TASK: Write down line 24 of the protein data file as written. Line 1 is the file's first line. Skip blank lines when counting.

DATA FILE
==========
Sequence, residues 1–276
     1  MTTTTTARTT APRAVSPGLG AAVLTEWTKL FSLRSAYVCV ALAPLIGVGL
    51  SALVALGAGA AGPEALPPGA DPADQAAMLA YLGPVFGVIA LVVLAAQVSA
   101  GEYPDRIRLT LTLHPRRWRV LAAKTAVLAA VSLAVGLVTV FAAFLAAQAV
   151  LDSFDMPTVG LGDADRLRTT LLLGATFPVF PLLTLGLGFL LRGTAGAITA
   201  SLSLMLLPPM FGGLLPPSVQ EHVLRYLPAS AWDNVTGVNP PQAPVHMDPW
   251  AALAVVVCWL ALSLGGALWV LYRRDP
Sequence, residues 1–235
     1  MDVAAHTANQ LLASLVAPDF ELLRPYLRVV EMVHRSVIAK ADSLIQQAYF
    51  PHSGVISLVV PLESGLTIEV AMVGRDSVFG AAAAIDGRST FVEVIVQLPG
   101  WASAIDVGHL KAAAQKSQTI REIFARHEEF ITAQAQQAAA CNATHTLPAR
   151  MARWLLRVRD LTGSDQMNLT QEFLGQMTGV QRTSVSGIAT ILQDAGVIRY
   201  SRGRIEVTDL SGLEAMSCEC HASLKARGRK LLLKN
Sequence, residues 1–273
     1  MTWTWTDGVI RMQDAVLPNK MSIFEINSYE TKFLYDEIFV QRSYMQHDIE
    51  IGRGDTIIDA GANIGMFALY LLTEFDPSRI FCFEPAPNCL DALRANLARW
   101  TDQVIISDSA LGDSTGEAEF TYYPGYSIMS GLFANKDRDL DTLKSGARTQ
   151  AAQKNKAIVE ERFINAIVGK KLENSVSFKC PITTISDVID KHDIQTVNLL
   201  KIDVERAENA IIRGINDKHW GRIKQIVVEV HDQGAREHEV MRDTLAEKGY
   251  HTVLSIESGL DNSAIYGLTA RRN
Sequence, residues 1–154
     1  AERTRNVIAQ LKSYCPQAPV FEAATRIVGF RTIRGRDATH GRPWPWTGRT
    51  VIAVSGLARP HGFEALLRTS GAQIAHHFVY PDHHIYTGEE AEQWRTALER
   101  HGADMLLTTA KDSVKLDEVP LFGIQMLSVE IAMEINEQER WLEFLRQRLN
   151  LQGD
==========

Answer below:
   101  HGADMLLTTA KDSVKLDEVP LFGIQMLSVE IAMEINEQER WLEFLRQRLN